44 Days of Presidents: William H. Taft
Posted On: 10/21/2016 - 1:58pm, Posted By: David Conzett, Curator of History Objects & Fine Art
In our series, 44 Days of Presidents, we present artifacts, documents, and connections to our local and national history from our collections that represent each of the 44 Presidents of the United States as we gear up for the 2016 Presidential election.
William H. Taft
The son of Alphonso Taft, a United States Attorney General and Secretary of War under President Ulysses S. Grant, William Howard Taft was introduced to U.S. politics at an early age. Taft graduated from Yale College in 1878 and Cincinnati Law School in 1880. After several years as an assistant county prosecutor, Taft was appointed to the Superior Court of Cincinnati in 1887.
While Taft had always aspired to be appointed to the U.S. Supreme Court, his political career took a number of detours through the years. Following the Spanish-American War of 1898, Taft was appointed the Civilian Governor of the Philippines by President William McKinley. As Governor, he opposed the harsh terms of the U.S. military and treated the Filipino people fairly and cooperated with them in an effort to prepare them for eventual self-rule.
Following his success in the Philippines, Taft was appointed U.S. Secretary of War in 1904 by his long-time friend President Theodore Roosevelt. Roosevelt had become president following the assassination of President McKinley in 1900. Following his reelection in 1904 Roosevelt stated that he would not run for another term in 1908 – a decision he would later regret. The president used his political influence and actively campaigned for Taft against William Jennings Bryan in the election of 1908; Bryan’s third presidential campaign. Taft won the election easily and took office on March 4, 1909.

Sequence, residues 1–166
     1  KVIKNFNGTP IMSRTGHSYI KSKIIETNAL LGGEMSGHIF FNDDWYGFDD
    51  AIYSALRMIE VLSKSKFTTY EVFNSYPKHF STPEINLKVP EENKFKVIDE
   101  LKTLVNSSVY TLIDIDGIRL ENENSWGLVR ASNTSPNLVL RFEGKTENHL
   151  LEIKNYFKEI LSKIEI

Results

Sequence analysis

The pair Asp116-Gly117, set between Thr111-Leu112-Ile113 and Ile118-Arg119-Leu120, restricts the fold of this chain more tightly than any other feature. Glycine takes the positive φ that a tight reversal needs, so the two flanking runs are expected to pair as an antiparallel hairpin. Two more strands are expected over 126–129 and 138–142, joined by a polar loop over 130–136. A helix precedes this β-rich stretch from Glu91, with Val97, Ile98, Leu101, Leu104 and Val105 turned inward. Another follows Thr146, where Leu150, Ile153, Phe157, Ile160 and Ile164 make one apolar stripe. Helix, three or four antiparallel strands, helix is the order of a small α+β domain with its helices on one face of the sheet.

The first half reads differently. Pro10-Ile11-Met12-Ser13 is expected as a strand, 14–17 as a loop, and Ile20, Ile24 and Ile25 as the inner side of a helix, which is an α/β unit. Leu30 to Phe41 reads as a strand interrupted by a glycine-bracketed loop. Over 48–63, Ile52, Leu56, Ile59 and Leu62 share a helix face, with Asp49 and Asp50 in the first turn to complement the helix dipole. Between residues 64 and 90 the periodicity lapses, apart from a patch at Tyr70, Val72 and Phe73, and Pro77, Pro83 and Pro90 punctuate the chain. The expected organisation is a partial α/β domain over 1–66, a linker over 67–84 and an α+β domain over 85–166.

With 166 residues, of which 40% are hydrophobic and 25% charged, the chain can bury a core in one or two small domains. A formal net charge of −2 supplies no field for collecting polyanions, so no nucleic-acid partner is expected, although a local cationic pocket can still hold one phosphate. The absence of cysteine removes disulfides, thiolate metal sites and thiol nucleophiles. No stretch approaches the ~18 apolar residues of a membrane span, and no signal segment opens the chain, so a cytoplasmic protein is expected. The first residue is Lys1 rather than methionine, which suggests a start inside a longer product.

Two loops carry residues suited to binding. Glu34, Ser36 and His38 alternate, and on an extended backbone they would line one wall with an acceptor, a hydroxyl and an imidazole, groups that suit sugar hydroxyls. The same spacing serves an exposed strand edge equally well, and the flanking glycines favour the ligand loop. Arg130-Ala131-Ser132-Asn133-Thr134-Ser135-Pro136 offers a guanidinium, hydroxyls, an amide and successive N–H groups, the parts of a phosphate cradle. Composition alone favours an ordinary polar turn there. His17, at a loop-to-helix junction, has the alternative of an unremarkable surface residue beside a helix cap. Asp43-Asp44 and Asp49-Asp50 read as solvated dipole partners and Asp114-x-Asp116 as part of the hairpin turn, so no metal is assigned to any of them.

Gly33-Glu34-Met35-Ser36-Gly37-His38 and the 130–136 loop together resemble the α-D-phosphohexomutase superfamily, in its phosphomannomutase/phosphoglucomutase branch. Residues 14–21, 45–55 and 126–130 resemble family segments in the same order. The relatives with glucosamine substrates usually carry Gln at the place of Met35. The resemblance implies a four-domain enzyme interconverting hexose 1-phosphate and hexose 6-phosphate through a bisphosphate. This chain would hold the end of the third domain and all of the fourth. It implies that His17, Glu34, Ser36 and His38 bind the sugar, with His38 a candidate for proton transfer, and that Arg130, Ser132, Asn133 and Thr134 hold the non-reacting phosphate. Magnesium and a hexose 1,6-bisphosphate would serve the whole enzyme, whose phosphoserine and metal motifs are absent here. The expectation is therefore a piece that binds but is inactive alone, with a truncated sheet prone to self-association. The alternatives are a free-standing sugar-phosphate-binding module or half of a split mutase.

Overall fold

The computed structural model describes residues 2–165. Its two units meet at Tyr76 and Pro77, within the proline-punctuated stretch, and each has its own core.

Taft’s foreign policies and domestic interests were far more conservative than Theodore Roosevelt’s more progressive agenda, which would lead to a rift with his old friend. In the election of 1912 Taft was opposed by Democrat Woodrow Wilson. Theodore Roosevelt, determined to continue his progressive agenda, ran as a third party candidate of his “Bull Moose” party and split the Republican ticket. Woodrow Wilson won the election.
Taft returned to Yale University and taught law and legal history for several years. In 1921 he was appointed Chief Justice of the U.S. Supreme Court by Warren G. Harding. He is the only person to have held both the office of U.S. President and Chief Justice of the Supreme Court. William Howard Taft died on March 8, 1930.